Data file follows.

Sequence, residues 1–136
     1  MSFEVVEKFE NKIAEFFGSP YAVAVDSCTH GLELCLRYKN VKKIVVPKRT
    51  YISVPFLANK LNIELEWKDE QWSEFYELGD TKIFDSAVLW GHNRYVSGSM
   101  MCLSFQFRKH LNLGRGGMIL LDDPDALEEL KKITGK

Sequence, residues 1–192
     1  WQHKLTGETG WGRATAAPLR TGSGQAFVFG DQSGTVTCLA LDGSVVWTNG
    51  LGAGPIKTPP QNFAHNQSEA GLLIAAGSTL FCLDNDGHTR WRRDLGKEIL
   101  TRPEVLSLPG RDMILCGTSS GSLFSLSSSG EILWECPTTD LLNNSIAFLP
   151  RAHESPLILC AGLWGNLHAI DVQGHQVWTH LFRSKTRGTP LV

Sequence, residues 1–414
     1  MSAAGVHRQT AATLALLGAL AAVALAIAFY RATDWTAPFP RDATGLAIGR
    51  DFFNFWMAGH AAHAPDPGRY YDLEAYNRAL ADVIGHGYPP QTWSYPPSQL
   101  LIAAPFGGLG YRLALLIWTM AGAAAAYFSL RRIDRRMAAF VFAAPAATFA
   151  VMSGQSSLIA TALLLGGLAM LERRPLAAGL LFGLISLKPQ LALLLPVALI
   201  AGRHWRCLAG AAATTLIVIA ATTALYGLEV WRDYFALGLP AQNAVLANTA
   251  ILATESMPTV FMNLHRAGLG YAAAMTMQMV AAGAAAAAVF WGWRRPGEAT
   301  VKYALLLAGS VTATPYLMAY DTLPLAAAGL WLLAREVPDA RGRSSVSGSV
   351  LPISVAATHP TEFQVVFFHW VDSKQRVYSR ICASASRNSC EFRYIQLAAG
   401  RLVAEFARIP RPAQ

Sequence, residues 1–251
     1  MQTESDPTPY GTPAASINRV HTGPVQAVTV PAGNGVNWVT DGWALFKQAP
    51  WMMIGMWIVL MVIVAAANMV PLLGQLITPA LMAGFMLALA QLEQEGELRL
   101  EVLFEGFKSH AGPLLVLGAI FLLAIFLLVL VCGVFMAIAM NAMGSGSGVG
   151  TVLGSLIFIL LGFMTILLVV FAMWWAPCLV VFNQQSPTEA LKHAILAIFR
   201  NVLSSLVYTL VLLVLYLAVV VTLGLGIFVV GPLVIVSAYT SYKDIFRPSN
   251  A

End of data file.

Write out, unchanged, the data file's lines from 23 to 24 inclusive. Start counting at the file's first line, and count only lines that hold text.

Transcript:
   101  EVLFEGFKSH AGPLLVLGAI FLLAIFLLVL VCGVFMAIAM NAMGSGSGVG
   151  TVLGSLIFIL LGFMTILLVV FAMWWAPCLV VFNQQSPTEA LKHAILAIFR